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No Outlaws In The Gender Galaxy discusses the how society fails all those who biologically do not identify as male or female in terms of social privilege.
Have you heard of the privilege walk? I’ve never been part of one, but it goes something like this. Participants walk hand in hand in a straight line and for each question asked, each participant either takes a step forward, or backward.
A sample question might be – If you are a while male take a step forward. Or, if you have disabilities take a step backward. The idea being that at the end of the walk, you would know where you stood vis a vis others in the room, and could reflect on your privilege.
As a woman in India, and in technology, I’ve participated in many gender conversations to discover what the line between privilege and deservedness is. Gender, feminism and the surrounding discussion has occupied a lot of my mind space in recent times. And although the feminist umbrella covers our LGBT colleagues, I had only a vague idea of the actual day to day life of a non-heteronormative person.
When I started reading No Outlaws In The Gender Galaxy, I was prepared to be both ashamed about my lack of knowledge and get educated at the same time. What I really wasn’t prepared for was to be challenged on the very concept of binary genders.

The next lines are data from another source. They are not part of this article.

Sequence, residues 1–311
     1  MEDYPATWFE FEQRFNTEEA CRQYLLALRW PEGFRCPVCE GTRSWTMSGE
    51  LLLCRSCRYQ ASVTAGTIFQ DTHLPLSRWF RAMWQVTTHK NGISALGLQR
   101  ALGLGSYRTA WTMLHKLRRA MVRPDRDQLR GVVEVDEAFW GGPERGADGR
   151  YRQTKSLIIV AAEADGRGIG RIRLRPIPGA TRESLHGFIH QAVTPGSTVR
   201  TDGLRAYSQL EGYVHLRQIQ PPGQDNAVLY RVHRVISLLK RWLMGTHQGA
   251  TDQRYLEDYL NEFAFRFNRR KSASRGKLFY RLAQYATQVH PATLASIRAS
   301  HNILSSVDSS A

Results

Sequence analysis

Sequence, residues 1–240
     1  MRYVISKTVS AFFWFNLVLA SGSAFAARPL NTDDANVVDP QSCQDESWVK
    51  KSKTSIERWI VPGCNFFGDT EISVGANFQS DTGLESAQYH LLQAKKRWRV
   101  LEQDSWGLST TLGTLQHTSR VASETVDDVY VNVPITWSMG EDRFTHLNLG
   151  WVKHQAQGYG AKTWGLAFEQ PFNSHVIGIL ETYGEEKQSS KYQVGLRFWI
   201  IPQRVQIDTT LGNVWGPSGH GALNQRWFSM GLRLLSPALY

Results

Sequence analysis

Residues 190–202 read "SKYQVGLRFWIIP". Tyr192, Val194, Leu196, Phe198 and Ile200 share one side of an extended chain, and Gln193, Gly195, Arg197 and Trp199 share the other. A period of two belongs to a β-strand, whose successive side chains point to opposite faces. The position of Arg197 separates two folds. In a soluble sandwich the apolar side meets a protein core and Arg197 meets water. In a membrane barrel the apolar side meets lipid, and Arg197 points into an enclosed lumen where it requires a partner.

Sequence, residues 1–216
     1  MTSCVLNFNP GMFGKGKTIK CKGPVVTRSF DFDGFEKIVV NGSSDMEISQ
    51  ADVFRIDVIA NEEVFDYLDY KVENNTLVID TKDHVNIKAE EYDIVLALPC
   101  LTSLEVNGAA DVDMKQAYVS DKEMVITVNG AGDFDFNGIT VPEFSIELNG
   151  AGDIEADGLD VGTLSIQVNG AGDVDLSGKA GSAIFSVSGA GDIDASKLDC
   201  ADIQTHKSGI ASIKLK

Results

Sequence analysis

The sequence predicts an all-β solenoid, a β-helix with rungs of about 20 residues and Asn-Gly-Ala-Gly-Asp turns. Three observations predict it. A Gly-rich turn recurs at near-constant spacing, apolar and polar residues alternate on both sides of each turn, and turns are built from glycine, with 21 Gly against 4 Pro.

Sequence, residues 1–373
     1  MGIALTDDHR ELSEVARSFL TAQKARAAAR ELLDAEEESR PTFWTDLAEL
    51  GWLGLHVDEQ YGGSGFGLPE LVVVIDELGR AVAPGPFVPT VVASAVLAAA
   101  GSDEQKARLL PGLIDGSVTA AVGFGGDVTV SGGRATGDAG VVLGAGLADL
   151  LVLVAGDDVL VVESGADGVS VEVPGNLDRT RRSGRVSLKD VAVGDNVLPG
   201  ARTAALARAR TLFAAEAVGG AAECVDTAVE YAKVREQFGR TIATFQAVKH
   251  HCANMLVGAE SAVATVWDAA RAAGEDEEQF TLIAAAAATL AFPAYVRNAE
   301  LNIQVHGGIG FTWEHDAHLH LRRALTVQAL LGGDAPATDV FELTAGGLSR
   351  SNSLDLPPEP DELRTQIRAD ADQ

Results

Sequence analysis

The question ‘Why are you a woman?’ which is quoted as the start of this study and book was one that made me think deeply. Why am I a woman? Because I was born one? Not really.
I feel like a woman because of the cues that society gave me. Our gender is actually constructed bit by bit, by the interactions in our families, in our public spaces, at school and at work. What then happens when you are assigned a gender at birth but don’t identify with the cues society gives you for all your life afterward?
To back up a little, the book is a result of research and dialogue with 50 queer PAGFB (People Assigned Gender Female at Birth). Some of the topics the book covers would probably read as questions in a privilege walk like this:
It can be challenging when you are constantly negotiating the core of your very presence, for gender as we know it today is such a basic “natural” system of classification.
Most of the participants have described their gender in a variety of ways and in such a wide range, that it becomes obvious that a binary Man/Woman classification is not sufficient to describe our identities.
The interviews with the respondents also bring out the fact that this nuanced identity too changes over a lifetime.
The term that the authors propose to describe this – is plasticity of gender. That is, at certain points in their life, we may identify with a certain gender state, but may change to a different one somewhere down the line.
Unfortunately we don’t have the language to support this, and that is the problem the book highlights and tries to solve to a large extent.
If you’d like to pick up No Outlaws In The Gender Galaxy by Chayanika Shah, Raj Merchant, Shals Mahajan and Smriti Nevatia , published by Zubaan Non-fiction, use our affiliate link: at Flipkart, at Amazon India, and at Amazon US.
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Image source: gender by Shutterstock.
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